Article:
Women of the Washoe Tribe have long fought against the word “squaw," a racist slur that for more than half a century was part of the name of a famous Sierra ski resort.
The resort north of Tahoe City, California, was called Squaw Valley long before it became famous for hosting the 1960 Winter Olympics, the first one to be televised nationally.
Founded in 1949, it announced in August 2020 it was launching a search for a new name with input from the local tribe during a yearlong planning process. The resort formally switched to Palisades Tahoe in September.
“Our leaders are really glad that we are changing that name," said Dinah Pete, a member of the Washoe Tribe.
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Emily Tessmer, a journalist and alum of Sierra Nevada University at Lake Tahoe, produced a documentary with the women of the tribe, who talk about the milestone and what the land means to them.
“I thought this could be such a cool story — to get feedback on the name change, what it means to (the tribe) and to give them a platform to stand on and speak their truth,” Tessmer told the Tahoe Daily Tribune.
She reached out to a few tribal members she knew to create the eight-minute documentary, “Walking With My Sisters.”
“I know many people are saying, ‘Oh, the word doesn’t mean anything negative,’ but it does," Tessmer said. “We need to imagine what it must have been like to be in their shoes.”
Pete said some of the credit for the name change should go to the late Linda Shoshone, who was the Washoe Tribe's cultural director more than 20 years ago.
“She was the only one that was fighting against that name because it was really insulting to our (Washoe) women and what the settlers were doing to them,” Pete said.
Palisades Tahoe isn’t the first place to dump the term, which has been used as a slur, particularly for Indigenous women. Since 2003, seven states have worked to remove the name from geographical features and landmarks, and Oregon prohibits its use.
U.S. Interior Secretary Deb Haaland last month formally declared the term derogatory and said she is taking steps to remove it from federal government use and to replace other derogatory place names.
For the Washoe people, Lake Tahoe is especially important.
“It is a sacred place,” said Pete's daughter Karen Pete, who is also member of the tribe.
The tribe’s creation story identifies the alpine lake on the California-Nevada state line at an elevation of 6,200 feet (1,890 meters) as the center of their people’s world, both geographically and spiritually.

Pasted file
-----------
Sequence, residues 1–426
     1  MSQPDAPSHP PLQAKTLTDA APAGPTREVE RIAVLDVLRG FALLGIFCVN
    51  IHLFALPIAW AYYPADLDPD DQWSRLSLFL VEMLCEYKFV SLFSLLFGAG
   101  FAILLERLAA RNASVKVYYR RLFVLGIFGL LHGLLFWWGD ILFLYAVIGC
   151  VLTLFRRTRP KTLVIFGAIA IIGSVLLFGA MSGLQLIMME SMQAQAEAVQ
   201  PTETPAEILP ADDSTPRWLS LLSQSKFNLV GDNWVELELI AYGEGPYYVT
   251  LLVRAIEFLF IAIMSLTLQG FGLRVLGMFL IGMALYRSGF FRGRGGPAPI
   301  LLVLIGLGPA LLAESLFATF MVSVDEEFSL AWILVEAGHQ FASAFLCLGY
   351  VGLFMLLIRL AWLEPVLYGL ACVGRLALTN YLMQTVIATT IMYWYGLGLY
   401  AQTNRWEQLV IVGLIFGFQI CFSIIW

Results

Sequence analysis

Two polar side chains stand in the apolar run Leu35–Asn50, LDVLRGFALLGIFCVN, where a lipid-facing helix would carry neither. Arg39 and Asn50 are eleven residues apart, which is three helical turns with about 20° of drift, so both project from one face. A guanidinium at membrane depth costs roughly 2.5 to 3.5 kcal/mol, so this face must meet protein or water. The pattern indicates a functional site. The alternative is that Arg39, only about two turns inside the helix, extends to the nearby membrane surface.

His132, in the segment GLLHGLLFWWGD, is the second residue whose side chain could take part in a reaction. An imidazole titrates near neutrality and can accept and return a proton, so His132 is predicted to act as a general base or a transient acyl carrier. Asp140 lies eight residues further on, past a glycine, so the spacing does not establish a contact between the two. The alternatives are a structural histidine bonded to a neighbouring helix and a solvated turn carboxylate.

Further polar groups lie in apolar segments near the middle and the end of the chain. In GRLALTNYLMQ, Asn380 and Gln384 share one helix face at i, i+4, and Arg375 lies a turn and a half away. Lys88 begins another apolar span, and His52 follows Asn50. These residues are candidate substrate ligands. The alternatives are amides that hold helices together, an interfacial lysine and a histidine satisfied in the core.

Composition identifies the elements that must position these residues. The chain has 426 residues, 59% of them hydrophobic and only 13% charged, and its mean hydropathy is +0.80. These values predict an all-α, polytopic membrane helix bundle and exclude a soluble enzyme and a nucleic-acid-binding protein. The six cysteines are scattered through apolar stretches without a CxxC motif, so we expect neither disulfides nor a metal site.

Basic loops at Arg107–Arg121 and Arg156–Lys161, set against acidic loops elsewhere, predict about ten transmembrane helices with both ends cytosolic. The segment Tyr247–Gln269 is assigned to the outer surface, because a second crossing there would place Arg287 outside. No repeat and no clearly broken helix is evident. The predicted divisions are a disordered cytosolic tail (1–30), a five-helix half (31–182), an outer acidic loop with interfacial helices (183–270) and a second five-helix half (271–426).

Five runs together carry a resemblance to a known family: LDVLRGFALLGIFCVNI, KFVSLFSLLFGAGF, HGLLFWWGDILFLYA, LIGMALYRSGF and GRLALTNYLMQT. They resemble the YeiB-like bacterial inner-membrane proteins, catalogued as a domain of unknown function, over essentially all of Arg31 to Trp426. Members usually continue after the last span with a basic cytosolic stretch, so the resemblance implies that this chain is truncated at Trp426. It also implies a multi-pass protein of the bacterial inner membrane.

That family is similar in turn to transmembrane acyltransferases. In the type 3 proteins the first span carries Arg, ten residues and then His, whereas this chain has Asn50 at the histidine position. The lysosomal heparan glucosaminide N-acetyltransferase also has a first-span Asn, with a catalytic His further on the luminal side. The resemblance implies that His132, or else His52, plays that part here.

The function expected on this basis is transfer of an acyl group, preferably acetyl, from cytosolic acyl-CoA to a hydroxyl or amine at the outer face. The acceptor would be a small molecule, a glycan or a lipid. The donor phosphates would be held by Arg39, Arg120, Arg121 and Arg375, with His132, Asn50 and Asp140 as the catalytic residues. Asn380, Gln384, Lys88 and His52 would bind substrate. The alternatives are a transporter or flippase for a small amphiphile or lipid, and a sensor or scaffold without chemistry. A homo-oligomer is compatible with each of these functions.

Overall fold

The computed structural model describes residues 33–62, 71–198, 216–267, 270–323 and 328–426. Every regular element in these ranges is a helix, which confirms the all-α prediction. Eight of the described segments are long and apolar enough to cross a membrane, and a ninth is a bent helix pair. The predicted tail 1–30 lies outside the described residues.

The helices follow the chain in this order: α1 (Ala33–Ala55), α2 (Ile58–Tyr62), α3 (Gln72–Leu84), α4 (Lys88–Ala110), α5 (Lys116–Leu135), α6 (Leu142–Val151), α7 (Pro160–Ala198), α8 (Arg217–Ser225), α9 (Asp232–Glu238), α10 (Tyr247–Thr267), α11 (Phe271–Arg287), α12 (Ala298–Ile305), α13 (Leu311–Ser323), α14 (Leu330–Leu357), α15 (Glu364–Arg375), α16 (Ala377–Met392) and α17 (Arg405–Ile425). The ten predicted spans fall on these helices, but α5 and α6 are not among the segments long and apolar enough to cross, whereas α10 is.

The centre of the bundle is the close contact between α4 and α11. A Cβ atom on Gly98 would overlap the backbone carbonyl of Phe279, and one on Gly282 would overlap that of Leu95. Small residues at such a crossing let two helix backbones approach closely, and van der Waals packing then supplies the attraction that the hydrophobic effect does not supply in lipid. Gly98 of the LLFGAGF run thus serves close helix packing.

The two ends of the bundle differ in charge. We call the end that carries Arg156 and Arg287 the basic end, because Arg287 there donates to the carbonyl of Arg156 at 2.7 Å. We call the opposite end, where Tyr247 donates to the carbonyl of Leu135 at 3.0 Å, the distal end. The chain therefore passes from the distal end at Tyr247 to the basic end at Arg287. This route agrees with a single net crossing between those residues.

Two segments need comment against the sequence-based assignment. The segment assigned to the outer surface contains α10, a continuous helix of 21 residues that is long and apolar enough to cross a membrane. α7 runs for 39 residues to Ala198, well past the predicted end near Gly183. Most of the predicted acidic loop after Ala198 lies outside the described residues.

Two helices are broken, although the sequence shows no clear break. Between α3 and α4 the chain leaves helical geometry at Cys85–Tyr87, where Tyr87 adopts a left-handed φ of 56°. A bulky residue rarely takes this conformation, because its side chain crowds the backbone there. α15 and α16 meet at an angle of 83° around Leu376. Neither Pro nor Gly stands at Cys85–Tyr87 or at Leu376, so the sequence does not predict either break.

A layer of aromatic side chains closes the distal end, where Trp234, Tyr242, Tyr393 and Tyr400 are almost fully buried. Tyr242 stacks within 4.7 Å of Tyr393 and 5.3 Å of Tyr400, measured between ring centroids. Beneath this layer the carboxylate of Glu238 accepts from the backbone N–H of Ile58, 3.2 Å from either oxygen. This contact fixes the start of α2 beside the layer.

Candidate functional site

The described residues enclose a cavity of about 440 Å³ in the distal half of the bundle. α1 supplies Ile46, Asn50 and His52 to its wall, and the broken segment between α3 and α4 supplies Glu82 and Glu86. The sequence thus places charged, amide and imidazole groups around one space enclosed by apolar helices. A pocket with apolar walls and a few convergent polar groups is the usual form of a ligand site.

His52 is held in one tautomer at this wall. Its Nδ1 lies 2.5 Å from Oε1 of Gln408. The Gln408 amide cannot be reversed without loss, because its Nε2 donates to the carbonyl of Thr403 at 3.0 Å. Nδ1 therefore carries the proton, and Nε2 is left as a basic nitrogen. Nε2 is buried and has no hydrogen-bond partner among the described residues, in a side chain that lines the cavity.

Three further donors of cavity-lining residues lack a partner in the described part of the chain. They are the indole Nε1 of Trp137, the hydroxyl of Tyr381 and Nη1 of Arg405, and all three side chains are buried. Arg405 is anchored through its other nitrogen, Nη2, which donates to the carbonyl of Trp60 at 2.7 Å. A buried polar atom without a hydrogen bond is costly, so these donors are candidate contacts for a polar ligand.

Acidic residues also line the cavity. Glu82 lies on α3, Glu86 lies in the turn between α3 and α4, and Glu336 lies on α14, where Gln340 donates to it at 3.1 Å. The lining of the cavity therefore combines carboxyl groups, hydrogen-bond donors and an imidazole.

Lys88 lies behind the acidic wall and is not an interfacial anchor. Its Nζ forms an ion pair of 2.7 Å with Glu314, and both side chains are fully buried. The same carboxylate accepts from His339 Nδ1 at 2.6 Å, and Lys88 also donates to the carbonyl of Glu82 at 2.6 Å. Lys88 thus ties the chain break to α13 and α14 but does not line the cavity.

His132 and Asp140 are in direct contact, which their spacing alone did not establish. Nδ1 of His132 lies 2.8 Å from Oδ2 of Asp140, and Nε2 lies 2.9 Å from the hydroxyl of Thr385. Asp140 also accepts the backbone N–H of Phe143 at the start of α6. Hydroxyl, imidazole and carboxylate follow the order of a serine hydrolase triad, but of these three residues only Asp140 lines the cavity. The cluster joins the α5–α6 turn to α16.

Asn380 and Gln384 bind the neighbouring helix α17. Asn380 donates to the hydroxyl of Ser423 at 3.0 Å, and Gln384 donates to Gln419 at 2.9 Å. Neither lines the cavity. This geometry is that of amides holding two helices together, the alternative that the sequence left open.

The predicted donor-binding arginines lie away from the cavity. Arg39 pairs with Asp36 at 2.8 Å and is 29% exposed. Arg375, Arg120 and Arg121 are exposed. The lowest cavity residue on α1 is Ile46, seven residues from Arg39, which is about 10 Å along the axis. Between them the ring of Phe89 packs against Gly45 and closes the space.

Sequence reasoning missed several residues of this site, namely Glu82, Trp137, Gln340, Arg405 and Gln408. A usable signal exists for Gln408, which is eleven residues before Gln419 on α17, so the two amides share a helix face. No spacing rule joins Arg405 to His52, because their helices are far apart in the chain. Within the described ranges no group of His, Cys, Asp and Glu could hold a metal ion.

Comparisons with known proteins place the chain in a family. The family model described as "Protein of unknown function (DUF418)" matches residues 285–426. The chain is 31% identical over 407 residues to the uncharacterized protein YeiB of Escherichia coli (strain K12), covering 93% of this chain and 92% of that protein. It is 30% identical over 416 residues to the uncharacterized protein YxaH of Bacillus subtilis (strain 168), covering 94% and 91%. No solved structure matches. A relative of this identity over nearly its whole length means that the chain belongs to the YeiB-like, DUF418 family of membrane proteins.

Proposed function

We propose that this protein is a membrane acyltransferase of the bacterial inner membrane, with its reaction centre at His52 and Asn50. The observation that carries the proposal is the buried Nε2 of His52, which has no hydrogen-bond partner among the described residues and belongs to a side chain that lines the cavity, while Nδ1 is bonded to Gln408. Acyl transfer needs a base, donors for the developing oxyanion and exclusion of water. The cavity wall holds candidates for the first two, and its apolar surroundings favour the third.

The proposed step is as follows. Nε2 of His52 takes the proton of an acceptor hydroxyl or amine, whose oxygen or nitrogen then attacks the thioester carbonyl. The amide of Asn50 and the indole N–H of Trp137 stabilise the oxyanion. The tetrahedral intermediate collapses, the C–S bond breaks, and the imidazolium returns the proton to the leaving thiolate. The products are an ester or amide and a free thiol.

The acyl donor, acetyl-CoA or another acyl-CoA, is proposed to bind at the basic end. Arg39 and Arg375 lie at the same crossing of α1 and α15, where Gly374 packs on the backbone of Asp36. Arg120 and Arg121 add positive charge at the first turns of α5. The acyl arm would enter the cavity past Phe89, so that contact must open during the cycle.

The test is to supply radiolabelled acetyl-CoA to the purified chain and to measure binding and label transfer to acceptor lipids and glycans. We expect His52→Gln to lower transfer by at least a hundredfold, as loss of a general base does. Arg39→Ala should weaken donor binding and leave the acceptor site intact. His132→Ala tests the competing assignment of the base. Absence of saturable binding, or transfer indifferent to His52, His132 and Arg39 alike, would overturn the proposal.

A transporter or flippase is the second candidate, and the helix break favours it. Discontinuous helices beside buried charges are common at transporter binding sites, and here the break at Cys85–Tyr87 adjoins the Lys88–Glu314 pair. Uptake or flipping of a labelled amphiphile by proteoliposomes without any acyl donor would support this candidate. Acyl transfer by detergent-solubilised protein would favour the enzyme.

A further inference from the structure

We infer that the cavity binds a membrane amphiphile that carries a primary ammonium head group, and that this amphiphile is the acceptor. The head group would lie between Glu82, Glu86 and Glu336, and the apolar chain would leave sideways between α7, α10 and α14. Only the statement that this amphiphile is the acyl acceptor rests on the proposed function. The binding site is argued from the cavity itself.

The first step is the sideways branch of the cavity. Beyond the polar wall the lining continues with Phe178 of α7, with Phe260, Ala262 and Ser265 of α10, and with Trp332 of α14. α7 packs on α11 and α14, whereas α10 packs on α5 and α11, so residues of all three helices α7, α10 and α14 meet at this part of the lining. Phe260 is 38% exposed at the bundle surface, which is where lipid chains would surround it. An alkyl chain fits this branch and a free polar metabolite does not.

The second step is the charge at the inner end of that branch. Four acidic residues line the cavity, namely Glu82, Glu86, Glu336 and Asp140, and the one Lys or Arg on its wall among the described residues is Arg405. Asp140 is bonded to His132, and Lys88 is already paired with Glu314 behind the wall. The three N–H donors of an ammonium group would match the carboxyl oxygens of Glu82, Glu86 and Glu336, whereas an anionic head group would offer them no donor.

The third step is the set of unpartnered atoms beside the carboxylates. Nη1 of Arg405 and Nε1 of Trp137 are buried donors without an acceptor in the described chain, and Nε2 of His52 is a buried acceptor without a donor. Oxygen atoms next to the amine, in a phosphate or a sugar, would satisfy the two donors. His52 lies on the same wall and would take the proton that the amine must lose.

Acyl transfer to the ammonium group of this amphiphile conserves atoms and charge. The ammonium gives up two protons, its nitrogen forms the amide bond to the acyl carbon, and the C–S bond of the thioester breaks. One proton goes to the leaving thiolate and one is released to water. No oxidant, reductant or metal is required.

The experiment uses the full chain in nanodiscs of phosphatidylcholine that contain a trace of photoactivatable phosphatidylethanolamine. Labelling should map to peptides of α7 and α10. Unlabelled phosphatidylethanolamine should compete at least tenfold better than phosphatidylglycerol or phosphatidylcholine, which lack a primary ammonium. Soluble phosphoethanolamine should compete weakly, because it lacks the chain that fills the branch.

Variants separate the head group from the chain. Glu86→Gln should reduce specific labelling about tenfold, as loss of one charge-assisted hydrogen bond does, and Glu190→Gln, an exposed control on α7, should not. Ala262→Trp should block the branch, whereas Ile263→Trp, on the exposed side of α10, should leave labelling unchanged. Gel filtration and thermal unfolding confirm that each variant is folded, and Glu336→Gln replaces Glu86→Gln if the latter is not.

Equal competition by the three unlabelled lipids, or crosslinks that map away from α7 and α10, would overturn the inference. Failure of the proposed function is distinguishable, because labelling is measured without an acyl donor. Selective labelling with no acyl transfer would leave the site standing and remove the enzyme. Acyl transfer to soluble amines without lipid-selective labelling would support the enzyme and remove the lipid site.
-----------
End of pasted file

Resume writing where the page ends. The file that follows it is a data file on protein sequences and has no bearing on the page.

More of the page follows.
The story explains how they viewed the water as a form of life, and were brought to the land that surrounded the lake by Gewe, the coyote. For thousands of years, the tribe followed the seasons — summers at Tahoe, winters in the valley — and lived off the land not only to survive, but to learn and carry on their traditions.
“The areas around (the lake) are places where people get their food and the things that they use like the willow for baskets, the medicine, and the plants,” Karen Pete said.
The documentary includes an interview with Ron Cohen, former chief of operations of Palisades Tahoe, who was a large proponent of changing the resort's name.
Cohen explained that original stories paint an idyllic picture of settlers arriving in the area and coming in contact with Native women and children in the valleys.
“But what we learned when we did the research, is that isn’t what actually happened,” he said.
Cohen said the truth was settlers came to the land with the intention to kill the women, who the settlers referred to as “squaws.”
“That name was given because somebody had been murdered here,” he said.
Cara James-Denetsosie, another member of the Washoe Tribe, said several women in the tribe visited the lake on the day they heard in August 2020 about the initial plans to change the name.
“We sang songs and reconnected to the land, plants, water, mountains and animals," she said.
"I’ll cherish those memories forever because it’s important that we are able to maintain those relationships with the land and the water. It’s even more important to pass it down to the next generation,” she said.
Tribal members are optimistic the name change at the resort will help raise awareness overall of past injustices.
“Hopefully, they’ll understand and know what had gone on before,” Dinah Pete said. “Our younger generation is now realizing what happened to the women.”
James-Denetsosie said there are fewer and fewer elders still around to share the traditional culture of Washoe life.
“Our world is rapidly changing and unpredictable due to the aridification of the land we now reside on,” she said. “We need to keep educating people on our history. We need to remind them of the land they are on.”